September 15, 2011


The Postmortal. By Drew Magary. Penguin. $15.

     A dystopian novel with a number of predictable plot points mixed with some genuinely unexpected ones, Drew Magary’s first book is a fast-paced, blog-and-twittererized story about what might happen if a cure for death were discovered. Magary is not talking about immortality or Superman stuff but about genetic engineering: what if it turned out (because of a scientist’s fortuitous bungling of an experiment) that the aging process is not controlled by a multitude of factors but by a single, apparently innocuous genetic component? This does not mean people could not die or be killed – disease, accidents, murder and suicide would still exist – but it would mean that people would simply stop aging once they took “the cure.” Then what?

     Then a number of things happen, narrated by John Farrell, who is the Winston Smith in this Orwellian perhaps-apocalyptic book. We know from the “frame” presented at the start that a mysterious and ominous agency called the Department of Containment has abridged and edited Farrell’s writings and is presenting them to bolster its argument that “the cure for aging must never again be legalized.” By the book’s second page, we know there has been some sort of collapse of the United States – and not too far into the narrative, we find out about the frightening elements of the Department of Containment when it apparently arises in China as some sort of super-population-control overseer.

     But the primary narrative is Farrell’s. A lawyer who takes “the cure” when it is still illegal, he lives a rather dilettantish life after his girlfriend is killed when she too tries to obtain the cure – dying not because of the procedure itself but because of coordinated terrorist attacks against doctors performing it. After the cure is legalized, Farrell meanders through his potentially eternal life, offering short chapters such as “afternoon link roundup” to go with discussions about his father (who, despite being considered too old to take the cure, does take it – and regrets doing so), the son he fathers with a woman who leaves him when he explains unapologetically why he will not marry her, and various political and religious interpositions. The politics surrounding the cure get rather short shrift, which is a shame, and the religious elements tend to be predictable – the Pope declares the cure an excommunicable offense against God’s will, and the fast-growing “Church of Man” uses it as the basis for creating what one character calls “a goddamn hippie day camp” in which people worship (or at least celebrate) humanity and give each other lots of hugs.

     What is most interesting in The Postmortal is the creeping (and somewhat creepy) sensation that the no-more-aging discovery is anything but an anodyne. Something is fundamentally wrong, not scientifically and not in traditional religious or ethical terms, but structurally, in terms of the human mind and (perhaps) soul, with the notion of cutting the aging process short. There is eventually a wholesale breakdown of just about everything, as nuclear explosions erupt, but not in the context of a war between countries, and mild-mannered and (in truth) rather dull Farrell finds himself inexorably drawn into becoming, not to put too fine a point on it, a murderer. One of the later chapter titles, “There Is Nothing Left to Lose,” sums up the direction the book takes, as Magary’s extension of reality becomes increasingly far-fetched but nevertheless retains a certain level of twisted logic within his narrative flow. It is inevitable – indeed, it has been clear from the very first page – that things will turn out badly, so the interest here is not in what happens but in how it happens. Despite some obviousness and stylistic inelegance, how it happens is believably (again, in context), and with enough drama to make readers wonder – well, wonder what, exactly? There is a disappointing lack of analysis and implication in The Postmortal, some of whose plot twists are clunky, some of whose futurism falls flat (as in the assumption that E-mail. blogs and hip-hop will still be important in 2059), and some of whose attempts at verisimilitude misfire (as in the misnaming of Old Dominion Drive, a major thoroughfare in northern Virginia, as Old Dominion Road).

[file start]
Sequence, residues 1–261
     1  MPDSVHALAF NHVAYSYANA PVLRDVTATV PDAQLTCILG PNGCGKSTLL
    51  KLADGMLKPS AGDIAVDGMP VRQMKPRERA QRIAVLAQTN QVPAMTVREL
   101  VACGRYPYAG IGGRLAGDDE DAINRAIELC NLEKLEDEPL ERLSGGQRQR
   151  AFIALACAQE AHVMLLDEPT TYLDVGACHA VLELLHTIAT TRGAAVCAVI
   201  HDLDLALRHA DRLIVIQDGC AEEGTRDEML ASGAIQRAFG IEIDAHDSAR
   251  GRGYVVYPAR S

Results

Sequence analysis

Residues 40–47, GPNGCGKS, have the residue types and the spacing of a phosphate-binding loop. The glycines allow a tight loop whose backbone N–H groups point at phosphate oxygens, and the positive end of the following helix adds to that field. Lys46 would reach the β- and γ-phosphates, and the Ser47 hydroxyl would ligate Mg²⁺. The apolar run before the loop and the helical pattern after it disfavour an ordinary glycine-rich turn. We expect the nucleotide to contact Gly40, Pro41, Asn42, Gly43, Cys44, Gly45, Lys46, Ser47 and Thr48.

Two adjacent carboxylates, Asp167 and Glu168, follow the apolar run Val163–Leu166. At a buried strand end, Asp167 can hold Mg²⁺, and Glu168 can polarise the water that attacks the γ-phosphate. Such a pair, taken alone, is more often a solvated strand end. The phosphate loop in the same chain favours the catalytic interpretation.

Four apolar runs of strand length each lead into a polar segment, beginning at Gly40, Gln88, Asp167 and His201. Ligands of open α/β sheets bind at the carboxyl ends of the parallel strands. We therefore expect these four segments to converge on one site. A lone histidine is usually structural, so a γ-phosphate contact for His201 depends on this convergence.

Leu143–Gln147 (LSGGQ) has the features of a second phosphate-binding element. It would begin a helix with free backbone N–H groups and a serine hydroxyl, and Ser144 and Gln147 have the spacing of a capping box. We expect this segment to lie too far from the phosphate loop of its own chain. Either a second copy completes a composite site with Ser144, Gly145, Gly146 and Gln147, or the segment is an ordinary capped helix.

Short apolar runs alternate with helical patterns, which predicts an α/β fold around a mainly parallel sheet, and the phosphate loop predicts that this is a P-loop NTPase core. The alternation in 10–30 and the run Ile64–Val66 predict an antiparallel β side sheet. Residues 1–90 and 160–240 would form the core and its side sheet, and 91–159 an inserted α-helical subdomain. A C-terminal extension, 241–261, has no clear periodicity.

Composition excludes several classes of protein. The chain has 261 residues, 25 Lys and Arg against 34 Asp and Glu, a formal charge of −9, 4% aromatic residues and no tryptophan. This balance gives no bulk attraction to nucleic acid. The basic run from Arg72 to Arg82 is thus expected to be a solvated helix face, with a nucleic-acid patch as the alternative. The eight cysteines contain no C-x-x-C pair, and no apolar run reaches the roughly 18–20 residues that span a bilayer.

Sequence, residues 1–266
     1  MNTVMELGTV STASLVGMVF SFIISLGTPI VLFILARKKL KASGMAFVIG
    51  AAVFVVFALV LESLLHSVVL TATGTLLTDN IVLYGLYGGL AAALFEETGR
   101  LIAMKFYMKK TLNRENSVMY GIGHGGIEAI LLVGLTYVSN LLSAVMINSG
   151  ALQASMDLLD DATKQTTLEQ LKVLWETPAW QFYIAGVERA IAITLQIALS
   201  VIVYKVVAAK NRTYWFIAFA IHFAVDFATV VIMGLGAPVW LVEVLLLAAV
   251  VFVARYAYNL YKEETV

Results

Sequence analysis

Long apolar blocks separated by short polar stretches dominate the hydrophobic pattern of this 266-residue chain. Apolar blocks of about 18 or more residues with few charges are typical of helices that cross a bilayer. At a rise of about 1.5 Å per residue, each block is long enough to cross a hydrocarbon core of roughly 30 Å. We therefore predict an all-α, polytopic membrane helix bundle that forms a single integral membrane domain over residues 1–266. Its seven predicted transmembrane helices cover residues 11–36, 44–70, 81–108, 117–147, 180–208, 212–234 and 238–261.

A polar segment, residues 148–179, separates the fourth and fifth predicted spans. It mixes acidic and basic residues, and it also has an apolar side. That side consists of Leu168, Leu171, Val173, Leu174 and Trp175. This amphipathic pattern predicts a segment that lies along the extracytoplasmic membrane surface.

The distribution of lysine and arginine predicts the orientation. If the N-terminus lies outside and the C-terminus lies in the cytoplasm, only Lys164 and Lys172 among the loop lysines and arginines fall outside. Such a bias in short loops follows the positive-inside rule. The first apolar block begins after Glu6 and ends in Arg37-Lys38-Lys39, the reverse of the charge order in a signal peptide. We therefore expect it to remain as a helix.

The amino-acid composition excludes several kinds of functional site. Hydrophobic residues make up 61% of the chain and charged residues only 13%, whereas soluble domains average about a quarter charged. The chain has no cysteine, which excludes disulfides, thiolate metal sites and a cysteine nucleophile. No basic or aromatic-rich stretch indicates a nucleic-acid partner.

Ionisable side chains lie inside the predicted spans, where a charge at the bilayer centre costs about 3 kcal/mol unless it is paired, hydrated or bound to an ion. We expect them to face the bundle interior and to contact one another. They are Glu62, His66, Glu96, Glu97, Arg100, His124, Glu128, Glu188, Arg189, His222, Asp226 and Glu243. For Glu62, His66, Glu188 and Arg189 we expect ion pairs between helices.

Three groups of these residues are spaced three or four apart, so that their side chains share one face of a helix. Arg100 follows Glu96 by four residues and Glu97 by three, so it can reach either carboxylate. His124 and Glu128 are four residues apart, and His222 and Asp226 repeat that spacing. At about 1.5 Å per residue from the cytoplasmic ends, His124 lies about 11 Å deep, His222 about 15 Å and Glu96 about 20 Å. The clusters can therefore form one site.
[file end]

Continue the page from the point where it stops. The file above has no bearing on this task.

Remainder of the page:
As a whole, The Postmortal is neither more nor less than a well-paced adventure tale (don’t be surprised if it becomes a movie). But it is not ultimately a thought-provoking book. Unlike 1984, to which it bears a number of superficial resemblances, it does not leave readers contemplating society vs. the individual, or the limits of propaganda, or the great questions of love and duty, or the eternal imbalance between good and evil. It is simply a story – a pretty good one, generally well told, attuned to the low 21st-century tolerance for nuance and ambiguity, but ultimately just a story. It could have been more: the importance of aging to human sensibility and productivity is a fascinating topic. But Magary is content to wring drama (and a not-insignificant amount of melodrama) out of his plot, and it has to be said that he does so very effectively, if not ultimately very meaningfully.

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